My fridge and pantry are wastelands of mostly full oil bottles, mustard jars and assorted nut butters. I resolve to figure out better ways to use them while they’re still good, creating more salad dressings, vegetable sautés and improv dishes utilizing what I have at hand. Molly Yeh’s Magic Sauce is just the ticket, calling for tahini, soy sauce, sesame oil and honey in one fell swoop, which she uses to coat crisp-tender green beans. Take that, pantry stalwarts!

- Erin Hartigan, Senior Managing Editor

Food Stylist Meg Quinn shares her epic Meat and Cheese board, as seen on Food Network's The Kitchen

Throw More Indoor Picnics

I resolve to have more indoor picnics with my 3-year-old son. He adores when we spread out a blanket on the living room floor and graze on platters of room temperature goodies. He’s less picky and eats healthier — plus we get to look for pretend ants.

- Leah Brickley, Senior Editor

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Some pieces of vegetables on a wood table

Photo by: oscarhdez/iStock

oscarhdez/iStock

Prep Those Veggies

This year, I’m resolving to prep my veggies as soon as I get them home from the grocery store. I’m never going to be the type of person who meal preps an entire week’s worth of dinners on Sunday — my cravings are too fickle and I don’t want cooking to feel like a marathon each week. But I’ve realized that if I can at least get some veggies cleaned and sliced in advance, I’m halfway through the most time-consuming part of cooking — and maybe I’ll actually hit up Seamless less often!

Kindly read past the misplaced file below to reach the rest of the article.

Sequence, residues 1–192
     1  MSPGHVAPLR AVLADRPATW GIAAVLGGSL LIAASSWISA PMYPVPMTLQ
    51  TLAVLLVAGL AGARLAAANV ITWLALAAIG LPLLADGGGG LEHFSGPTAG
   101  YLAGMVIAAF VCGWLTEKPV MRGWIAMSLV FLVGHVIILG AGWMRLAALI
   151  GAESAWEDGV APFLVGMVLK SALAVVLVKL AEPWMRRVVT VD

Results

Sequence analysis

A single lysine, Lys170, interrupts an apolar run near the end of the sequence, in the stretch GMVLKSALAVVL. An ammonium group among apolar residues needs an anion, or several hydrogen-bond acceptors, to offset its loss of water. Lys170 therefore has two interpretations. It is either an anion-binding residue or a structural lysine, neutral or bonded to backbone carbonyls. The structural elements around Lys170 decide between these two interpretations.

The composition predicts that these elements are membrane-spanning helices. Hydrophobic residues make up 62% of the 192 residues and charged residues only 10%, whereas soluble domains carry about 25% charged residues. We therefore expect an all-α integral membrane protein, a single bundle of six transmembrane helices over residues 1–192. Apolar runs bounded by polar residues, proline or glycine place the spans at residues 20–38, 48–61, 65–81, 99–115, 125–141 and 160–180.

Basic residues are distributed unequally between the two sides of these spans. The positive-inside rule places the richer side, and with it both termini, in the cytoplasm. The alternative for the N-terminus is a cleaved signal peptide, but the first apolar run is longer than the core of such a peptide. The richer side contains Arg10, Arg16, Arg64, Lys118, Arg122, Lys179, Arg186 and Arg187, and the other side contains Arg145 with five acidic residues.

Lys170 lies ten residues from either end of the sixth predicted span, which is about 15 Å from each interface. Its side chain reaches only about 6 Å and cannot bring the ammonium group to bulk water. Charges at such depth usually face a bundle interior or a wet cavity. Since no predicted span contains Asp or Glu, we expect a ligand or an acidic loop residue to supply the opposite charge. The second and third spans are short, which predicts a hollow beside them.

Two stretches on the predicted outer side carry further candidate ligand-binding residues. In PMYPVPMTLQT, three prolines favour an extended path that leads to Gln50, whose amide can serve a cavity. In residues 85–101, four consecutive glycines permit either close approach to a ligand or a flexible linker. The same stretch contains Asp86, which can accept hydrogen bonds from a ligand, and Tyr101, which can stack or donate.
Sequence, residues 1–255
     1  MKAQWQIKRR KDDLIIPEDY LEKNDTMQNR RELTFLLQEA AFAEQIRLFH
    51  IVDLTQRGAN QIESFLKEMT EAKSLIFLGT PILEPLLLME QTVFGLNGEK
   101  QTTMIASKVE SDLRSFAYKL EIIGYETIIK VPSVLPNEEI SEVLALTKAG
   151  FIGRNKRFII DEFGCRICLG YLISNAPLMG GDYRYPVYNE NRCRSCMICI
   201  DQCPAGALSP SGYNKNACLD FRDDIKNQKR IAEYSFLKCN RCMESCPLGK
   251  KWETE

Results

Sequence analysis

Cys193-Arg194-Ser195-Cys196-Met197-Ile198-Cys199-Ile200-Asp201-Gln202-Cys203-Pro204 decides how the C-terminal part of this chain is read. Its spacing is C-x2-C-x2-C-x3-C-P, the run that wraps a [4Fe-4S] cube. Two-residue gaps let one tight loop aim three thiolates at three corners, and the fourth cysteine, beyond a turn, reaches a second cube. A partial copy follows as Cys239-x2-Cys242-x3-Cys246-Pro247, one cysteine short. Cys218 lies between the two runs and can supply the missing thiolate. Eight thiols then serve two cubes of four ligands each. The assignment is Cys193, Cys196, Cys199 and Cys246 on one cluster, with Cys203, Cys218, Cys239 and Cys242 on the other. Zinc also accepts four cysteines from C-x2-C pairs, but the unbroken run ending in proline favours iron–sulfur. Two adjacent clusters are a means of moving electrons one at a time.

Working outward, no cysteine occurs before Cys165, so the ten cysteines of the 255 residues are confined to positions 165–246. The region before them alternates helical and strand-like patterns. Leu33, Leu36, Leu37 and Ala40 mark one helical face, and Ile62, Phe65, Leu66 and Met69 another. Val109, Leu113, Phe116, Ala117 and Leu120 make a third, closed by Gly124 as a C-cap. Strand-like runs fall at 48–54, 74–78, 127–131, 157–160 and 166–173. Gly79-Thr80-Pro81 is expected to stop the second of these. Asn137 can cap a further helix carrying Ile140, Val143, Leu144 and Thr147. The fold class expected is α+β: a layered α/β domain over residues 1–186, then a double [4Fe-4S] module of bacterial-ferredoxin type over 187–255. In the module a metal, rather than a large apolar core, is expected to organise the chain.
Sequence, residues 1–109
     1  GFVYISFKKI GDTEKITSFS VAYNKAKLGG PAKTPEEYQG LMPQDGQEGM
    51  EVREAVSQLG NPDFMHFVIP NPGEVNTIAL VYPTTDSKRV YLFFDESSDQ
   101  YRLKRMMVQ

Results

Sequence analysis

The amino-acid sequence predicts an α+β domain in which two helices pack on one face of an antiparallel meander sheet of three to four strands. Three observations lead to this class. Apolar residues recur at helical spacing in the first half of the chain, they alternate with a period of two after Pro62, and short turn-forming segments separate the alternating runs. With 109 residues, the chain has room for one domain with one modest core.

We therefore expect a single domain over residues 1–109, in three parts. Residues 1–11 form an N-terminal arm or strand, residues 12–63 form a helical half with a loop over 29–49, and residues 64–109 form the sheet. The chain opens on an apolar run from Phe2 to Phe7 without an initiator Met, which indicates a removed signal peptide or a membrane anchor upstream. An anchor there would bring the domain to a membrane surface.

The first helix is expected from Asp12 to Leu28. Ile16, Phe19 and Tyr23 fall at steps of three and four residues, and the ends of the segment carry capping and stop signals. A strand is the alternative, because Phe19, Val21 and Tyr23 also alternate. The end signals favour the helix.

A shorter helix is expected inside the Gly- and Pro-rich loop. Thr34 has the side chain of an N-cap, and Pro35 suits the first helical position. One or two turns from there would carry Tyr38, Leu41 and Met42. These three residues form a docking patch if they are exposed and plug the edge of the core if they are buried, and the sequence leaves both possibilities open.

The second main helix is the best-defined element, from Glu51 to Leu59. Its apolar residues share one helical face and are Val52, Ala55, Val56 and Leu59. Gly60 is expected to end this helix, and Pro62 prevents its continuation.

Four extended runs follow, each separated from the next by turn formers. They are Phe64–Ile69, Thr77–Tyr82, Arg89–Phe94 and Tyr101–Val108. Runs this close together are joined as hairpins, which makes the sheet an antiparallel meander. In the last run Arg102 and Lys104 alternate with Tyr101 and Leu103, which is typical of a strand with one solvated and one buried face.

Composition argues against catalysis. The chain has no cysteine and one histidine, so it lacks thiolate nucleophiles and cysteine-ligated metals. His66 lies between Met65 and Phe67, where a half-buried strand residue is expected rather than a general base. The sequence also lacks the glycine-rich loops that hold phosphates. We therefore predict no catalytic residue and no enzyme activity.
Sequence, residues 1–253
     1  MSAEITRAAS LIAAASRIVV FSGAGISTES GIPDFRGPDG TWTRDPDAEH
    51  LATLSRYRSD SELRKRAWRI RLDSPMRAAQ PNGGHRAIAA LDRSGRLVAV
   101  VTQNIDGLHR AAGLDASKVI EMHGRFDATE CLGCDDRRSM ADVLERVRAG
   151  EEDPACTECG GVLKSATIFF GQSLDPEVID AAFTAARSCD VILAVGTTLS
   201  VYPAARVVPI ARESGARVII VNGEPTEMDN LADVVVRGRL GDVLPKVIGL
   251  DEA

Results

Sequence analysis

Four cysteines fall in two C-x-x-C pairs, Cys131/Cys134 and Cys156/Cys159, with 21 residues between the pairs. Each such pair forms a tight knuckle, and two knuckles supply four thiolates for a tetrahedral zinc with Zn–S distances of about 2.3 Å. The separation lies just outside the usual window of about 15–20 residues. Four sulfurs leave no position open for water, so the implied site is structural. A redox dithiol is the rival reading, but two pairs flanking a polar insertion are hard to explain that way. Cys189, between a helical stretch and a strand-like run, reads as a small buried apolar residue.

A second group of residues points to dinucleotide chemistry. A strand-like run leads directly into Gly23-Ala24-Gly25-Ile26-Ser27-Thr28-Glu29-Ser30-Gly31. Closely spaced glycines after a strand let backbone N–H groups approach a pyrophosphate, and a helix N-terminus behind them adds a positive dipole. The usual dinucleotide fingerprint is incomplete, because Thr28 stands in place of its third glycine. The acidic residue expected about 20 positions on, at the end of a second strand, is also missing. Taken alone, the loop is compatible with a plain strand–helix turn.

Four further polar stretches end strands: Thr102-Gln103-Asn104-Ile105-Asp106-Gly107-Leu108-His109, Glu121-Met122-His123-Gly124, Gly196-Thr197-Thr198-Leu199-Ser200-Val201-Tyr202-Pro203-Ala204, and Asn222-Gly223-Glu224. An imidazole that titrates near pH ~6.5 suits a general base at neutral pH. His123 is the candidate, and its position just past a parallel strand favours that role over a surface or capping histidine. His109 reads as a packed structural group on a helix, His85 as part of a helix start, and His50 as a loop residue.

- Lauren Piro, Director, Editorial

Make Cooking Fun

My food resolution is trying to start making cooking less of a chore. I love meal prepping because it makes my weekdays less stressful, but by this point in the year, I feel like I’ve run out of ideas and my lunches have been pretty lame for the past month or so. So how am I making it more fun? By making it interactive! I’m tuning into cooking classes in the Food Network Kitchen app. I’ve been working in (and with!) food for the better part of a decade, but watching these videos always gives me fresh ideas for dinner and cooking along in real time improves my technique. I love watching Amanda Freitag, who teaches you how to nail basic (but important!) cooking techniques that might have seemed a little intimidating. Some of my favorites include her Seared Scallops and her Shrimp Cocktail classes.

- Julie Hines, Managing Editor

CHICKEN_AND_BROCCOLI_STIR_FRY

CHICKEN_AND_BROCCOLI_STIR_FRY

Cook More

I made a resolution to cook and bake as much as possible in 2019, and I'm planning on renewing that same resolution again for 2020. Not only has it helped me become a better chef, I now avoid ordering takeout whenever the craving for stir-fry or tacos hit. Instead, I just run to the kitchen and make my own! And with the new Food Network Kitchen app there to help guide me throughout 2020, the possibilities are truly and deliciously endless.

- Michelle Baricevic, Online Editorial Coordinator, Food Network Magazine